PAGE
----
Over the past decade or so there has been a shift in the definitions used to describe intimate partner violence.
Students often have difficulty recognizing verbal and emotional abuse, or do not have enough experience in relationships to know that the abusive behavior is not normal or healthy.College students may feel trapped by the social networks and closed environment of many campuses.Dating abuse is a huge problem, not only because it's prevalent among teens but only 40% of victims reach out for help (only 21% of perpetrators ask for help).While it may seem like the obvious choice, many people have trouble leaving a dating relationship, even if it is abusive. Some of the reasons teens stay in abusive dating relationships include: As with any violent relationship, teenage dating abuse must be stopped.Many organizations use the terms partner violence, dating violence, or domestic violence.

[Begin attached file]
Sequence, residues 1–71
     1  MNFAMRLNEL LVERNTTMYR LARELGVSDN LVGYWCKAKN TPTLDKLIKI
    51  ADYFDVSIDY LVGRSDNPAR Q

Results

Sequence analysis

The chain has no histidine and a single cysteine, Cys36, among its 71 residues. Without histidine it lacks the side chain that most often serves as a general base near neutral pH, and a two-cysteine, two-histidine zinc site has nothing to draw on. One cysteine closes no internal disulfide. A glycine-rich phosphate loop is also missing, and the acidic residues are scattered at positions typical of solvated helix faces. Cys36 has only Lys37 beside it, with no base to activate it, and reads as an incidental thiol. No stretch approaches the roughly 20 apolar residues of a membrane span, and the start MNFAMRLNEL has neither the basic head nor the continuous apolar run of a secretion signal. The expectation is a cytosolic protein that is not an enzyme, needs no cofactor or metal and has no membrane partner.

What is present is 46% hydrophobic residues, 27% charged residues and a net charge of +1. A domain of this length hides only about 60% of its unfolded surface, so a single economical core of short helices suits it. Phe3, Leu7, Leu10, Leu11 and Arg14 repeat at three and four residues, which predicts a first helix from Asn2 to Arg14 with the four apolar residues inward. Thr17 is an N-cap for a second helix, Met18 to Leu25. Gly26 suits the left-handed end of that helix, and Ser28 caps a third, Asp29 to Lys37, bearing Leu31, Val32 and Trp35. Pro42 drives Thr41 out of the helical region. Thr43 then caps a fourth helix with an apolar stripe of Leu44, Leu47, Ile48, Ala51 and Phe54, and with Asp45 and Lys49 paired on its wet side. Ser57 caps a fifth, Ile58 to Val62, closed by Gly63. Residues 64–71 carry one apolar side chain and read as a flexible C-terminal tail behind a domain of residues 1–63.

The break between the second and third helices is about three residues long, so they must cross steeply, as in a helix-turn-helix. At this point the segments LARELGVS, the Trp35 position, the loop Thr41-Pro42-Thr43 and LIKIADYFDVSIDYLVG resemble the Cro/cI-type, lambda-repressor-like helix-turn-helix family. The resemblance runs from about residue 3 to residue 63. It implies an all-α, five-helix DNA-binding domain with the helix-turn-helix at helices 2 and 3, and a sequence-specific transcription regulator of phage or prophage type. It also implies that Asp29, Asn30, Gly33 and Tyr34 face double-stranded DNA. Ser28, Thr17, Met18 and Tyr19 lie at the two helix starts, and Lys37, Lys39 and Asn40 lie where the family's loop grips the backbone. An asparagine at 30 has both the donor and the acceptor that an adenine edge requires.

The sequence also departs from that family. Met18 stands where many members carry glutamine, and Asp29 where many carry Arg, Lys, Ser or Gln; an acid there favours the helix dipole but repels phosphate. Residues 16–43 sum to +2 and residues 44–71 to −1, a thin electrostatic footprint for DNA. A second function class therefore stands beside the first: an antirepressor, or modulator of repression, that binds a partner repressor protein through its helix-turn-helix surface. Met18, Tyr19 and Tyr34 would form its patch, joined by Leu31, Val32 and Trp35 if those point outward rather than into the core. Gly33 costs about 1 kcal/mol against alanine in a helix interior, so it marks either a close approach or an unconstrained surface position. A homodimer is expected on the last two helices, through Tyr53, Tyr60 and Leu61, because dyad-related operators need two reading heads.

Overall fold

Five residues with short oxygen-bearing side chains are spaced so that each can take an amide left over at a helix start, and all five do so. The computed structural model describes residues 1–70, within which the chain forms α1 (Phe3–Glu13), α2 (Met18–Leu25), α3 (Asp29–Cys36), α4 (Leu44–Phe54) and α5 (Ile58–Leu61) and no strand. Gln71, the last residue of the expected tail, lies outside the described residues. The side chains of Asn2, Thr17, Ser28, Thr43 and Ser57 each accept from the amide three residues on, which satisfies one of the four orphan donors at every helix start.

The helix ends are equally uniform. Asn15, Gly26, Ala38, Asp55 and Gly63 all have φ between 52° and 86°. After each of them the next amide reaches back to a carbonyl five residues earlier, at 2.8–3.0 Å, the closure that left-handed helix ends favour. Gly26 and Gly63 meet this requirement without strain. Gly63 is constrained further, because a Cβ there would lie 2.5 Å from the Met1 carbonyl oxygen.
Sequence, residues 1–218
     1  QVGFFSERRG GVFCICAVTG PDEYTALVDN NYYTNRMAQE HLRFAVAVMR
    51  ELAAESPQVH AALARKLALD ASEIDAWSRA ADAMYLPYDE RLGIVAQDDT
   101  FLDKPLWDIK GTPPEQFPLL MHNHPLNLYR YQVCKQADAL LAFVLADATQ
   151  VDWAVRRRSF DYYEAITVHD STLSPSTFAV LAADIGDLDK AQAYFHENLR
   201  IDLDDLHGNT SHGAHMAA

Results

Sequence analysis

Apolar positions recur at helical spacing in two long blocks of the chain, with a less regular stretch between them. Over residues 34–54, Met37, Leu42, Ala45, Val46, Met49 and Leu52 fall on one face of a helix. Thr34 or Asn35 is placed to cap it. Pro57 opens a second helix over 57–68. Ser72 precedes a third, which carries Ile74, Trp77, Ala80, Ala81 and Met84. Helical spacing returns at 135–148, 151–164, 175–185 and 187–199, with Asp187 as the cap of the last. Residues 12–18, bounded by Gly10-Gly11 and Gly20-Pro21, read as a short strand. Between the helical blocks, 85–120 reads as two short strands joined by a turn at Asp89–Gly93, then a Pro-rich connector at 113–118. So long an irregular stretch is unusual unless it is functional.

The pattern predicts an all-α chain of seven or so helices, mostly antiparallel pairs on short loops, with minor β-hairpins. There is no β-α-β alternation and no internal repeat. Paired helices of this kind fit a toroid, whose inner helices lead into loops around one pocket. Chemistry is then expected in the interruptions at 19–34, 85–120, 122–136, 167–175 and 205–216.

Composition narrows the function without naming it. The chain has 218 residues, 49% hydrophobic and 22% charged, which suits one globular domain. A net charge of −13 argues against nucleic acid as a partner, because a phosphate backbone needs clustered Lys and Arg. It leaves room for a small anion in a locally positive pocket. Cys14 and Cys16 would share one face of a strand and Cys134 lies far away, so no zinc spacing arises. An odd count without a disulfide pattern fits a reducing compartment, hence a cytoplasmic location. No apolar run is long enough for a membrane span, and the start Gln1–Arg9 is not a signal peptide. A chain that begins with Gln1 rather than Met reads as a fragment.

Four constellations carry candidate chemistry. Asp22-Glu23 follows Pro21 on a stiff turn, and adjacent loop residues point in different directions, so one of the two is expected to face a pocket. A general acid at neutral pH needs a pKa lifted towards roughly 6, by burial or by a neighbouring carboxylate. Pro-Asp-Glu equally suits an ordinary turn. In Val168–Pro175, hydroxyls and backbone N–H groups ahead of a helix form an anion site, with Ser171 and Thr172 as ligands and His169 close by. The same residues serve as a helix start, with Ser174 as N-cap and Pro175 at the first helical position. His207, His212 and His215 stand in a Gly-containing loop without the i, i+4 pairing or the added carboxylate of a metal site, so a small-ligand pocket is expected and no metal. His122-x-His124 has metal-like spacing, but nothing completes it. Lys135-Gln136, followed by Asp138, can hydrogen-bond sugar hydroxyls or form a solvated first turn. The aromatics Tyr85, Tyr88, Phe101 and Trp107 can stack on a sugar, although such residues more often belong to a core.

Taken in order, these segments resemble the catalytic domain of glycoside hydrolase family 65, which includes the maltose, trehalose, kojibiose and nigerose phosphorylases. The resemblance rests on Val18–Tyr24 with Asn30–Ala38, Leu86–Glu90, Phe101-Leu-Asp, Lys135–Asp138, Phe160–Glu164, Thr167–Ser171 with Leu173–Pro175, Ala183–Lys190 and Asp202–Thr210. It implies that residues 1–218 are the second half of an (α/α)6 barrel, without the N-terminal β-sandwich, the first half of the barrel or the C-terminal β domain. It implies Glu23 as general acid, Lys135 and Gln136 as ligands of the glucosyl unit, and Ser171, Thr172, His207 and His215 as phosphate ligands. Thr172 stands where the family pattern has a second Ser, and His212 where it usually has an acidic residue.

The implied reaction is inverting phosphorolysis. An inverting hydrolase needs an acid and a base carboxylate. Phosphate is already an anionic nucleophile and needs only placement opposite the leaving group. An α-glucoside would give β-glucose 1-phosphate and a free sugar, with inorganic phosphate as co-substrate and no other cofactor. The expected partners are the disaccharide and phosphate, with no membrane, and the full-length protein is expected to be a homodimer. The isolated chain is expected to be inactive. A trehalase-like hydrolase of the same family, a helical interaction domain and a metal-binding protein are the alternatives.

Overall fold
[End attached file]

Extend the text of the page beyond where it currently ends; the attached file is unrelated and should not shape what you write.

The Center for Injury Prevention and Control, part of the Centers for Disease Control and Prevention (CDC), uses the term Intimate Partner Violence to encompass dating and domestic violence.Money Keys to car, house, work Extra clothes Medicine Important papers for you and your children Birth certificates Social security cards School and medical records Bankbooks, credit cards Driver’s license Car registration Welfare identification Passports, green cards, work permits Lease/rental agreement Mortgage payment book, unpaid bills Insurance papers PPO, divorce papers, custody orders Address book Pictures, jewelry, things that mean a lot to you Items for your children (toys, blankets, etc.) WARNING: Abusers try to control their victim’s lives. Teenagers often experience violence in dating relationships.When abusers feel a loss of control – like when victims try to leave them – the abuse often gets worse. Statistics show that one in three teenagers has experienced violence in a dating relationship.In dating violence, one partner tries to maintain power and control over the other through abuse.Dating violence crosses all racial, economic and social lines.Sexual abuse includes, but is certainly not limited to, marital rape, attacks on sexual parts of the body, forcing sex after physical violence has occurred, or treating one in a sexually demeaning manner.